Copanlisib is a selective phosphoinositide 3-kinase (PI3K) inhibitor approved by the FDA for treating follicular lymphoma (Tarantelli et al., 2020). As reported in Table 1, it returned one of the best MM-GBSA scores (−81.32 kcal/mol). Copanlisib is able to mimic the binding mode observed for VIR251, in particular, by establishing H-bond interactions with the backbone of G163 and G271, as well as with the side chain of D164. An exception is represented by its morpholin group exploring a subpocket alternative to S4 where it is involved in an H-bond interaction with the T301 side chain. This evidence justifies, at least in part, the low TC-IFP value returned by this compound (0.482). Finally, an H-bond interaction with the N109 backbone C=O was also detected (Figure 2C). Noteworthy, Kindrachuk et al. showed that PK inhibitors targeting the PI3K/AKT/mTOR pathway are able to in vitro inhibit MERS-CoV replication, thus suggesting these compounds as promising tools for the treatment of coronavirus infections (Kindrachuk et al., 2015).

Protease Inhibitors

Amprenavir is an HIV-1 protease inhibitor approved by the FDA in 1999 (Fung et al., 2000). Herein it was predicted as an efficient PLpro binder based on the computed MM-GBSA score (−76.18 kcal/mol). Notably, the obtained docking pose well-reproduces the binding mode of VIR251, as also shown by the high TC-IFP value (0.677). Amprenavir engages interactions with the backbone of both G271 and G163 and projects its P4 moiety in the S4 pocket as VIR251 (Figure 3A).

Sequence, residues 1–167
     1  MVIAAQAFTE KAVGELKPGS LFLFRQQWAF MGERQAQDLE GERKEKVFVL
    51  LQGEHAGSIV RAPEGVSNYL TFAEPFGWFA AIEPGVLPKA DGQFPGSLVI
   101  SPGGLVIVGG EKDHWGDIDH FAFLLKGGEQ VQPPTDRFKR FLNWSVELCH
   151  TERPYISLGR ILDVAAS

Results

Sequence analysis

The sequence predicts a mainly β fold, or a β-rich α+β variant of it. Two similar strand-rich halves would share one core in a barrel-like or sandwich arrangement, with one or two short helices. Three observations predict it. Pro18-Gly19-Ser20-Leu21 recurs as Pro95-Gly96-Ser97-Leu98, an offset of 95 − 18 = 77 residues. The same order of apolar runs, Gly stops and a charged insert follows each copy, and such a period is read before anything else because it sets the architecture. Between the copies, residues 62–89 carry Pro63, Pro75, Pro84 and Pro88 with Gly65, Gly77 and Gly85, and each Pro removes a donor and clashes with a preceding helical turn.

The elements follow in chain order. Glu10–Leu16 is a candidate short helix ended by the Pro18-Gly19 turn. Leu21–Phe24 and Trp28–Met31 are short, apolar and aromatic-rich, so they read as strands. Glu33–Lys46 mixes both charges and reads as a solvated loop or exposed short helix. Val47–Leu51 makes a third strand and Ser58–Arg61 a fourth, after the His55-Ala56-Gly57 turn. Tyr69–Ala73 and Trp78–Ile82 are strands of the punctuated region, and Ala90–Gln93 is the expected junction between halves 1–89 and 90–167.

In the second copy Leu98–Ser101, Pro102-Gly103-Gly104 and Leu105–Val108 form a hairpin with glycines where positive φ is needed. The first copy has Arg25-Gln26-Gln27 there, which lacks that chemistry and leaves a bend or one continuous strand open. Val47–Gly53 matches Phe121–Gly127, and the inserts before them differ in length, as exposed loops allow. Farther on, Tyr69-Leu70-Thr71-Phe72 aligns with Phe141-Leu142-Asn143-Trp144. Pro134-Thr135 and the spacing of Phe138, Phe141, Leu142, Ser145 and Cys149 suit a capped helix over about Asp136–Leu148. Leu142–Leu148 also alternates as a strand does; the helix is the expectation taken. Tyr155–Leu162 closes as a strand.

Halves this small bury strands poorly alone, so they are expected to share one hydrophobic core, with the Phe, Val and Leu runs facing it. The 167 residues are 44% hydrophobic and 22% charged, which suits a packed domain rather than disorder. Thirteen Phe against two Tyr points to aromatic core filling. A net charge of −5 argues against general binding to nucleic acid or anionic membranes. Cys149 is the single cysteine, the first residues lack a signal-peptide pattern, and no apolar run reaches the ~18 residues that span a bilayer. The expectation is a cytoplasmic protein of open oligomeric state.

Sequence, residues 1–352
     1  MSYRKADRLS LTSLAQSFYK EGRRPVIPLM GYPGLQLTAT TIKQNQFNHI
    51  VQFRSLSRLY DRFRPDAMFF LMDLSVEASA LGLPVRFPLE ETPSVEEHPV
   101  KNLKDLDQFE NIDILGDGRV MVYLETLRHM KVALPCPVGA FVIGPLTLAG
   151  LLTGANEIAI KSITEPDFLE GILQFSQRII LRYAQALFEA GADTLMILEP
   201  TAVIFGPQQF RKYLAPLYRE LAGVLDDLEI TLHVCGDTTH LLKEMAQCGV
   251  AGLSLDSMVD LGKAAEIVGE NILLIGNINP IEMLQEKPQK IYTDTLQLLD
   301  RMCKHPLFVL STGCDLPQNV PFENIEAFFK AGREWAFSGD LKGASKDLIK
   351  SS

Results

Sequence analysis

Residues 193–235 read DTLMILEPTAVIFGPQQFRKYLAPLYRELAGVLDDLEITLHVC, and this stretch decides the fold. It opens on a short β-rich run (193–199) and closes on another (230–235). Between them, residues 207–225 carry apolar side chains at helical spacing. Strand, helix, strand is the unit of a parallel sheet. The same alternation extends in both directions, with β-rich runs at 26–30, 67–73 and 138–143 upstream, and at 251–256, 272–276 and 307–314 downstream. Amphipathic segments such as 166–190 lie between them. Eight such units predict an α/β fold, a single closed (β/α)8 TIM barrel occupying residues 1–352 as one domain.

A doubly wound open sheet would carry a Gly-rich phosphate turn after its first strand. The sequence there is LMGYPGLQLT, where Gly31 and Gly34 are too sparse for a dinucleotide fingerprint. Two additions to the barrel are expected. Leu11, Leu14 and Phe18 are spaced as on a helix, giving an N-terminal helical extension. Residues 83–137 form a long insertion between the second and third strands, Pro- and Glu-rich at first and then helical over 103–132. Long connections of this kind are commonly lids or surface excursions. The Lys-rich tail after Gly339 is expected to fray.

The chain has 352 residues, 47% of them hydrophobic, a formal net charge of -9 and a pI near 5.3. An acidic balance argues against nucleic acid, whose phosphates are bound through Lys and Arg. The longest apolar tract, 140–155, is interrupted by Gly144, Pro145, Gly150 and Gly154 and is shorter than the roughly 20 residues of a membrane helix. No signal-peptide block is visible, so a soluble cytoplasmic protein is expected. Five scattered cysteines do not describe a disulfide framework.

FIGURE 3
www.frontiersin.org

Figure 3. Top-scored docking poses of protease inhibitors selected for noncovalent PLpro inhibition: (A) amprenavir, (B) indinavir, (C) anagliptin; (D) boceprevir, and (E) semagacestat. Ligands and important residues are rendered as sticks, whereas the protein is represented as a surface. H-bonds are represented by dotted black lines, whereas the cation pi (pi-stacking) interaction between indinavir and K157 (Y268) is itemized by a red line. For the sake of clarity, only polar hydrogen atoms are shown.

Noteworthy, this compound has been recently tested as a potential inhibitor of another SARS-CoV-2 protease (i.e., main protease, Mpro) and has been shown to be unable to inhibit Mpro at 20 μM (Ma et al., 2020). Finally, it has already been tested as an inhibitor of viral replication in SARS-CoV-2–infected VeroE6/TMPRSS2 cells (cells constitutively expressing the serine protease TMPRSS2, which confers a high susceptibility to SARS-CoV-2 infection) returning an EC50 value equal to 31.32 μM (Yamamoto et al., 2020).

Approved by the FDA in 1996 for the treatment of AIDS, indinavir is a selective HIV-1 protease inhibitor with good oral bioavailability (Plosker and Noble, 1999). Herein it was predicted to bind to the PLpro catalytic site with a high affinity (MM-GBSA score: −75.77 kcal/mol) by making two H-bonds with the backbone of Y268 and one with the side chain of Y273 (Figure 3B). In addition, a T-shaped pi-stacking interaction with Y268 and a cation-pi interaction with K157 were also detected. As amprenavir, indinavir has been recently proved to be an inhibitor of SARS-CoV-2 replication in cells (EC50 = 59.14 μM) (Yamamoto et al., 2020).